Study and other actions tested
  5. A study in 1995–2004 in Ohio, USA (Kettlewell et al. 2008) reported that 23 development permits requiring mitigation of impacts to wetlands prevented the loss of wetland area, but not habitat types or wetland number. Mitigation was carried out for all 23 permits. For two permits, compensation involved preserving existing wetlands. The other 21 permits mandated 27.8 ha of wetland restoration/creation as compensation. In practice, 26.3 ha of wetlands were restored/created, compared to 15.0 ha lost due to development: a net gain of 11.3 ha. However, 8 of 12 projects examined in more detail failed to restore/create the area mandated in their permits. Further, compensation in these projects was rarely “in kind”. Restored/created wetlands were mostly marsh (83% by area), whilst the impacted wetlands were a mixture of shrubby or forested swamp (57%) and marsh (43%). The 12 projects also restored/created fewer wetlands (65) than were impacted (134). Methods: The 23 permits in this study were issued between 1995 and 2003 for activities impacting wetlands. The permits were issued under the Clean Water Act. Information was taken from permit documentation and from field surveys of restored/created wetlands in summer 2004. Estimates of wetland area included some aquatic habitats (open water/submerged vegetation) and some existing natural wetlands incorporated into restoration/creation sites.

    Study and other actions tested
  6. A study in 2008 of 11 compensatory wetlands in Michigan, USA (Kozich & Halvorsen 2012) reported that only 45% were compliant with the permit requirement of <10% invasive plant cover. In the five compliant wetlands, invasive plant cover was 4–7%. In the six non-compliant wetlands, invasive plant cover was 11–26%. Compliance was greater in wetlands restored directly adjacent to existing wetlands (five of six compliant) than in wetlands created far from existing wetlands (zero of five compliant). Methods: Vegetation was surveyed in 11 compensatory wetlands in summer 2008. The wetlands had been restored or created 2–5 years previously, to compensate for impacts from road construction. All contained some emergent vegetation. Permits for impact were issued between 2003 and 2006, under Section 404 of the Clean Water Act and Part 303 of Michigan’s Natural Resources Environmental Protection Act.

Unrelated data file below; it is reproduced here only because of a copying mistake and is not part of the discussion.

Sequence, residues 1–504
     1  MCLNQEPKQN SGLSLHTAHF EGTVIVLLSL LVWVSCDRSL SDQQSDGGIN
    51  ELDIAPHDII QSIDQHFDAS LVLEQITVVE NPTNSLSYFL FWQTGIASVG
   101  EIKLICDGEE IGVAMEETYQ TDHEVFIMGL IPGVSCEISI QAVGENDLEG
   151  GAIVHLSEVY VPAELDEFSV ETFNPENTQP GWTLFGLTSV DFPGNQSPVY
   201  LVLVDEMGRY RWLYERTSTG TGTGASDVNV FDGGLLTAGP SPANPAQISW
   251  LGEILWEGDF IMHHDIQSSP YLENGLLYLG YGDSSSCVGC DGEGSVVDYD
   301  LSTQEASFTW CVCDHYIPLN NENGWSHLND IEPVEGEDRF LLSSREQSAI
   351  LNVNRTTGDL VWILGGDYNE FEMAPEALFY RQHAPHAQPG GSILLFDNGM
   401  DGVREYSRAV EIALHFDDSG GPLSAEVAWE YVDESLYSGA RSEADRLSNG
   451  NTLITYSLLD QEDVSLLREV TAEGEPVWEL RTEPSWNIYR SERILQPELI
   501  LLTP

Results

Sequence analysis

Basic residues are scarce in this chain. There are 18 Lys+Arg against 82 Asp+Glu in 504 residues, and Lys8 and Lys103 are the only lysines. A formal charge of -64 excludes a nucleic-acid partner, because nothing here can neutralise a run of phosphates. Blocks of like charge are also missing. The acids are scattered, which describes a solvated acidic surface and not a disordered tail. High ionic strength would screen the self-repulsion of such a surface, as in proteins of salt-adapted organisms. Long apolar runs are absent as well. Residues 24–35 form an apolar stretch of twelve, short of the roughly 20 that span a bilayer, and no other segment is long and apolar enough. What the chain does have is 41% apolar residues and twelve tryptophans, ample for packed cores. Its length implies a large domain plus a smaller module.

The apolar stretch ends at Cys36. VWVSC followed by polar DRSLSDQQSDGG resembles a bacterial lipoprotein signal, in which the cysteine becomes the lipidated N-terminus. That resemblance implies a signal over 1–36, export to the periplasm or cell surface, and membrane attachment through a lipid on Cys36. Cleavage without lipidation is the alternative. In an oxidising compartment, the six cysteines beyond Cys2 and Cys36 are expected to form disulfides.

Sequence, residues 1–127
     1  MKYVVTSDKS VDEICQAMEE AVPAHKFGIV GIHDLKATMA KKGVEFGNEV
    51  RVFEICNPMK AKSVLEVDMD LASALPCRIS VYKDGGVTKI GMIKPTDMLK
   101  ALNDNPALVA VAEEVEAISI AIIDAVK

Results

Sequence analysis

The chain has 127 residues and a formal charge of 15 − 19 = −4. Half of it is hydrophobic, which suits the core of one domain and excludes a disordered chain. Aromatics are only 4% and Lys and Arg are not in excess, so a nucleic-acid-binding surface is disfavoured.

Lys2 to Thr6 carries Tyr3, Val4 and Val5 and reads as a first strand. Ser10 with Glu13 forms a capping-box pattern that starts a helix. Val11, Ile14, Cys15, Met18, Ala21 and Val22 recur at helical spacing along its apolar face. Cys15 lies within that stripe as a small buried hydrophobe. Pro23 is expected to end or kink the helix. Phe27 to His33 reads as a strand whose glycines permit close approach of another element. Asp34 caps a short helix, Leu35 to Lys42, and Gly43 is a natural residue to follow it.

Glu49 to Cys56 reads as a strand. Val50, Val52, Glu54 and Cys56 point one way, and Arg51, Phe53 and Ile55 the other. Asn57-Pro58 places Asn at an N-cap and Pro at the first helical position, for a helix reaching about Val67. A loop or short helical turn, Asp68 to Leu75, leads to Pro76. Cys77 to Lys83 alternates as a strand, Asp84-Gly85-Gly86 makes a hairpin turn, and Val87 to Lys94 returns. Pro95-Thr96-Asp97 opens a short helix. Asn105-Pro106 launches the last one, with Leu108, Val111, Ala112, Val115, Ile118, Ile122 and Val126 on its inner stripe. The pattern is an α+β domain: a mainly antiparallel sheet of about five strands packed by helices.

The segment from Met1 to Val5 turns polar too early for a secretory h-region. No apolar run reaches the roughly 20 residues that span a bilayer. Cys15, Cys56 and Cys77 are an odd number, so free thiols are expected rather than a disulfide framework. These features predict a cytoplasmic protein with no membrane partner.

Study and other actions tested
  7. A study in 2007–2009 of 205 wetland components within 82 development projects in North Carolina, USA (Hill et al. 2013) reported 64–74% compliance with success criteria outlined in permits. The study examined 205 individual wetland components: distinct areas of wetland, habitat or mitigation type (e.g. “4 ha of swamp restoration” and “10 ha of marsh preservation”). Of these, 70–74% met permit success criteria. In turn, 64–70% of the area of these wetland components met permit success criteria. The lower values are for all projects (mitigation by creation, restoration, enhancement or preservation); the higher values exclude preservation projects, which were more likely to meet success criteria. Methods: This study analyzed the success rate of 205 wetland components within 82 randomly selected development projects. These had been granted permits to impact wetlands between 1996 and 2006. Permits were issued under Section 401 of the Clean Water Act. Mitigation success was assessed through field surveys carried out between 2007 and 2009. Success was defined as compliance with vegetation, hydrological, soil and/or protection criteria outlined in each permit. Vegetation criteria usually involved a minimum abundance of emergent vegetation.